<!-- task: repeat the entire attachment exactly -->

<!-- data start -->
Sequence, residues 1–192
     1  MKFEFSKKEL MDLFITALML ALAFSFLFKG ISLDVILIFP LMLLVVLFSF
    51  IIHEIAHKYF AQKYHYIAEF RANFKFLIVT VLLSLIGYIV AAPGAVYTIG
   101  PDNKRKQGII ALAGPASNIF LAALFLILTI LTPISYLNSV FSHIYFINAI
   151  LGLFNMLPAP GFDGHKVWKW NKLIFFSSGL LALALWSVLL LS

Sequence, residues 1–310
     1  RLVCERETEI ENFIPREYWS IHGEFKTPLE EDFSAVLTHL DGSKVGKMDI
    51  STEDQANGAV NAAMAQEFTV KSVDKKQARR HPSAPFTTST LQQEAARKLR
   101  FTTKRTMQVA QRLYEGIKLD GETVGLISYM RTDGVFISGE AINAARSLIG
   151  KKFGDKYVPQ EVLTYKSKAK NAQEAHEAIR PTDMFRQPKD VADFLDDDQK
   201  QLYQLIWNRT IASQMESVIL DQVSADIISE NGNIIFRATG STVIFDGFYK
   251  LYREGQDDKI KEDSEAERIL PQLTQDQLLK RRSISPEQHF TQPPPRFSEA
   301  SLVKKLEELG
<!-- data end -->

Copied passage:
Sequence, residues 1–192
     1  MKFEFSKKEL MDLFITALML ALAFSFLFKG ISLDVILIFP LMLLVVLFSF
    51  IIHEIAHKYF AQKYHYIAEF RANFKFLIVT VLLSLIGYIV AAPGAVYTIG
   101  PDNKRKQGII ALAGPASNIF LAALFLILTI LTPISYLNSV FSHIYFINAI
   151  LGLFNMLPAP GFDGHKVWKW NKLIFFSSGL LALALWSVLL LS

Sequence, residues 1–310
     1  RLVCERETEI ENFIPREYWS IHGEFKTPLE EDFSAVLTHL DGSKVGKMDI
    51  STEDQANGAV NAAMAQEFTV KSVDKKQARR HPSAPFTTST LQQEAARKLR
   101  FTTKRTMQVA QRLYEGIKLD GETVGLISYM RTDGVFISGE AINAARSLIG
   151  KKFGDKYVPQ EVLTYKSKAK NAQEAHEAIR PTDMFRQPKD VADFLDDDQK
   201  QLYQLIWNRT IASQMESVIL DQVSADIISE NGNIIFRATG STVIFDGFYK
   251  LYREGQDDKI KEDSEAERIL PQLTQDQLLK RRSISPEQHF TQPPPRFSEA
   301  SLVKKLEELG